**1 Introduction**

Continued fractions offer a means of concrete representation for arbitrary real
numbers . The

continued fraction expansion of a real number is an alternative to the
representation of such a

number as a (possibly infinite) decimal .

The reasons for including this topic in the course on Classical Algebra are :

(i) The subject provides many applications of the method of recursion .

(ii) It is closely related to the Euclidean algorithm and, in particular, to
“Bezout’s Identity”.

(iii) It provides an opportunity to introduce the subject of group theory via
the 2-dimensional

unimodular group .

**2 The continued fraction expansion of a real number**

Every real number x is represented by a point on the real line and , as such,
falls between two

integers. For example, if n is an integer and

n ≤ x < n + 1 ,

x falls between n and n + 1, and there is one and only one such integer n for
any given real x.

In the case where x itself is an integer, one has n = x. The integer n is
sometimes called the

floor of x, and one often introduces a notation for the floor of x such as

n = [x] .

**Examples:**

1. −2 = [−1.5]

2. 3 = [ ]

For any real x with n = [x] the number u = x − n falls in the unit interval I
consisting of

all real numbers u for which 0 ≤ u < 1.

Thus, for given real x there is a unique decomposition

x = n + u

where n is an integer and u is in the unit interval. Moreover, u = 0 if and only
if x is an

integer. This decomposition is sometimes called the mod one decomposition of a
real number.

It is the first step in the process of expanding x as a continued fraction.

The process of finding the continued fraction expansion of a real number is a
recursive process

that procedes one step at a time. Given x one begins with the mod one
decomposition

where is an integer and .

If = 0, which happens if and only if x is an
integer, the recursive process terminates with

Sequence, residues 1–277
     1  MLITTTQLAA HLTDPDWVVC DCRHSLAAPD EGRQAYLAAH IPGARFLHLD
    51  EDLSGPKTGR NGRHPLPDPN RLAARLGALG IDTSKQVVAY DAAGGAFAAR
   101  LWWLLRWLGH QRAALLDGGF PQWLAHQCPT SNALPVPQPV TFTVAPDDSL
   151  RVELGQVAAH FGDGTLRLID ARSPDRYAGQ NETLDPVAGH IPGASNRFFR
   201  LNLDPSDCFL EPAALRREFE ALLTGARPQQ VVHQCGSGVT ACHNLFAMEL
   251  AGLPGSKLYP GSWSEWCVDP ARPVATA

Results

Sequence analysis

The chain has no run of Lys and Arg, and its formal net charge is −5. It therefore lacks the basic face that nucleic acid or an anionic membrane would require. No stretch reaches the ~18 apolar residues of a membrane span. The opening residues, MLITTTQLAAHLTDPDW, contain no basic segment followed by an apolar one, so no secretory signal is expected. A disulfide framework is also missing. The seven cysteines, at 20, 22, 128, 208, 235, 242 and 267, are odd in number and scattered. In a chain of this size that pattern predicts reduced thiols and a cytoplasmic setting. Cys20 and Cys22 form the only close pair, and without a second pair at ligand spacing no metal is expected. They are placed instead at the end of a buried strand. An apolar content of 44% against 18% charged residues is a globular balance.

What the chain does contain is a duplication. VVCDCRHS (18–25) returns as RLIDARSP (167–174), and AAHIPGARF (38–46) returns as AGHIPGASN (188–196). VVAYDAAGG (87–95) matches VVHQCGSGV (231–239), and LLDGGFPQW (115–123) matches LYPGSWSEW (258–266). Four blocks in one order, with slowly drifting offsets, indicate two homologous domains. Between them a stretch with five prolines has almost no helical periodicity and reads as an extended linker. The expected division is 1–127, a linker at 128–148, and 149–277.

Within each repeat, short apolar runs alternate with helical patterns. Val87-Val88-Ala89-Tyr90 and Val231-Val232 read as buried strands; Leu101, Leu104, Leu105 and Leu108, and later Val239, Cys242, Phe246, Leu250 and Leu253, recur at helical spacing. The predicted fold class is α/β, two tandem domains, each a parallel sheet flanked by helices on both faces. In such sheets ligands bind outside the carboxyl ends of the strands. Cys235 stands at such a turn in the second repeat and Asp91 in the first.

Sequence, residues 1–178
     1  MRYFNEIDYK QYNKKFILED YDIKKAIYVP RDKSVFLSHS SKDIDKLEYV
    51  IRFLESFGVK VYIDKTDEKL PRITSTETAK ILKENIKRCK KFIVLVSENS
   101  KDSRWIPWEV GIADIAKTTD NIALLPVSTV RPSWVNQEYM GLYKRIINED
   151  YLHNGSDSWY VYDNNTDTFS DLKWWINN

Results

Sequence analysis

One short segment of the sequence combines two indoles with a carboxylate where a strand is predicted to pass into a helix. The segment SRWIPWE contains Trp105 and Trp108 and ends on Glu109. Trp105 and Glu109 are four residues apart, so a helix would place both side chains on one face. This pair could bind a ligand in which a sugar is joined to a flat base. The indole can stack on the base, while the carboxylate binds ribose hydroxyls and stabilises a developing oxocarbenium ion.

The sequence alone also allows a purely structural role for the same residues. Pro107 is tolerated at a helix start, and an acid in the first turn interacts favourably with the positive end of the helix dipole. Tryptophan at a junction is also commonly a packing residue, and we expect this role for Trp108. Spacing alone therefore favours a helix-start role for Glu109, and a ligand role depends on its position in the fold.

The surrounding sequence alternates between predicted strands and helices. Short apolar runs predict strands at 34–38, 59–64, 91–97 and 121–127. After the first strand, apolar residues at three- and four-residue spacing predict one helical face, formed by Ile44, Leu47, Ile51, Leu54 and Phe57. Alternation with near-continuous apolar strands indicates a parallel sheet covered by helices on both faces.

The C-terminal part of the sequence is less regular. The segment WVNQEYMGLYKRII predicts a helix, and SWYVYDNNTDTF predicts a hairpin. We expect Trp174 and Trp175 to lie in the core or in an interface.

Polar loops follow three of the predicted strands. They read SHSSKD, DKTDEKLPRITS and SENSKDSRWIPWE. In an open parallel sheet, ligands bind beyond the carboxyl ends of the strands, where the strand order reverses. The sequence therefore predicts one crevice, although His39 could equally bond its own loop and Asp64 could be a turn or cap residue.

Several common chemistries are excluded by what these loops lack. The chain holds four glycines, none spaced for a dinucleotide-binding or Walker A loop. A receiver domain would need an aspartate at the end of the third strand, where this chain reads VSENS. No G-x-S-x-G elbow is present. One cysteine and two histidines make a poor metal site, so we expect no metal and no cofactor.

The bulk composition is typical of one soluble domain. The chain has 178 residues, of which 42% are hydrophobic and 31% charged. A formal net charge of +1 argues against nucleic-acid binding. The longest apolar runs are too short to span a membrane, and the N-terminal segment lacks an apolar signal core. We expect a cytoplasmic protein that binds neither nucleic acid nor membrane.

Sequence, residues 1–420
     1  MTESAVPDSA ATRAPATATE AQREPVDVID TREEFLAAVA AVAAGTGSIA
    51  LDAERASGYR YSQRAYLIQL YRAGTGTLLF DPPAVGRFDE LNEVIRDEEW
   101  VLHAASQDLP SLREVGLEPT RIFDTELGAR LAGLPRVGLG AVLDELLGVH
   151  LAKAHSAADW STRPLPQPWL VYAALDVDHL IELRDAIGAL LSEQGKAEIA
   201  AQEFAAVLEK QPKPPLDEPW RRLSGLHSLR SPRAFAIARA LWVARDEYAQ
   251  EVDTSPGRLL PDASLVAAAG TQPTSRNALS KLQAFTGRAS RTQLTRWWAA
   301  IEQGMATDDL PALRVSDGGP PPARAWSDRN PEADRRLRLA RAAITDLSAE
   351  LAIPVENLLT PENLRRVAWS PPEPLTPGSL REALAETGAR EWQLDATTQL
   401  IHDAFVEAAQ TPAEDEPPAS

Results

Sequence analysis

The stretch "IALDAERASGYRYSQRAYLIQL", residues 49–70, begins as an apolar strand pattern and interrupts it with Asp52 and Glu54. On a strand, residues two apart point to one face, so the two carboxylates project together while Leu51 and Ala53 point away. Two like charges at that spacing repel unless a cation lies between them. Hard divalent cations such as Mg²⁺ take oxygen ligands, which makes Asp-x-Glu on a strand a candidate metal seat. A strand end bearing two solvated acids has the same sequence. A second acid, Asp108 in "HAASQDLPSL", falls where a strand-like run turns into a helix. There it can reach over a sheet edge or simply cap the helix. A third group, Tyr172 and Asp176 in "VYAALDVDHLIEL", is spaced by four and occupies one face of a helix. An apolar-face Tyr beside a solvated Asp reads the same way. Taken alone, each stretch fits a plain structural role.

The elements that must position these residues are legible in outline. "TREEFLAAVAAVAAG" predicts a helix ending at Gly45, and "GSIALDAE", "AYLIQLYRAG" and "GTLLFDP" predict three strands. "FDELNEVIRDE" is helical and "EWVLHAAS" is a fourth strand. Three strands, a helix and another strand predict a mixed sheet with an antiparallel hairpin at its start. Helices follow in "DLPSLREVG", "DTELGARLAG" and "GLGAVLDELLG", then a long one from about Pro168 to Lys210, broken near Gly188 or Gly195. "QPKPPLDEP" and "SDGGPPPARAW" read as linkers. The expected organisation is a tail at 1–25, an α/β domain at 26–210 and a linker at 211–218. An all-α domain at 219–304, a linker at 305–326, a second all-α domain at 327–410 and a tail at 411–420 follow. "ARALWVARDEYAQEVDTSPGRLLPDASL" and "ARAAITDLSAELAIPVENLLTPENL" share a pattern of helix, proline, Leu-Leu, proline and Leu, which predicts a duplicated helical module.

this first step. The idea is to obtain a sequence of integers that give a
precise determination

of x.

If > 0, then the reciprocal 1/ of satisfies 1/ > 1 since is in I
and, therefore,

< 1. In this case the second step in the recursive determination of the
continued fraction

expansion of x is to apply the mod one decomposition to 1/. One writes

where is an integer and 0 ≤
< 1. Combining the equations that represent the
first two

steps, one may write

Either = 0, in which case the process ends with the
expansion

or > 0. In the latter case one does to what had just been done to above
under the

assumption > 0. One writes

where is an integer and 0 ≤
< 1. Then combining the equations that represent
the first

three steps, one may write

After k steps, if the process has gone that far, one has integers
and real numbers

that are members of the unit interval I with
all positive. One

may write

Alternatively, one may write

If = 0, the process ends after k steps. Otherwise, the process continues at
least one more

step with

In this way one associates with any real number x a sequence, which could be
either finite or

infinite, of integers. This sequence is called the continued
fraction expansion of x.

**Convention.** When is called a** continued fraction**, it is understood
that all of the

numbers are integers and that
≥1 for j ≥ 2.

**3 First examples**

Let

In this case one finds that

where

Further reflection shows that the continued fraction structure for y is
self-similar:

This simplifies to

and leads to the quadratic equation

3y^{2} − 6y − 2 = 0

with discriminant 60. Since y > 2, one of the two roots of the quadratic
equation cannot be

y, and, therefore,

Finally,

The idea of the calculation above leads to the conclusion that any continued
fraction

that eventually repeats is the solution of a quadratic equation with positive
discriminant and

integer coefficients. The converse of this statement is also true, but a proof
requires further

consideration.

**4 The case of a rational number **

The process of finding the continued fraction expansion of a rational number is
essentially

identical to the process of applying the Euclidean algorithm to the pair of
integers given by its

numerator and denominator .

Let x = a/b, b > 0, be a representation of a rational number x as a quotient of
integers a and

b. The mod one decomposition

shows that , where
is the remainder for division of a by b. The case
where

= 0 is the case where x is an integer. Otherwise > 0, and the mod one
decomposition

of 1/ gives

This shows that , where
is the remainder for division of b by
.
Thus, the

successive quotients in Euclid’s algorithm are the integers
occurring in the continued

fraction. Euclid’s algorithm terminates after a finite number of steps with the
appearance of a

zero remainder . Hence, the continued fraction expansion of every rational number
is finite.

**Theorem 1.** The continued fraction expansion of a real number is finite if and
only if the real

number is rational.

Proof. It has just been shown that if x is rational, then the continued fraction
expansion of x is

finite because its calculation is given by application of the Euclidean
algorithm to the numerator

and denominator of x . The converse statement is the statement that every finite
continued

fraction represents a rational number. That statement will be demonstrated in
the following

section.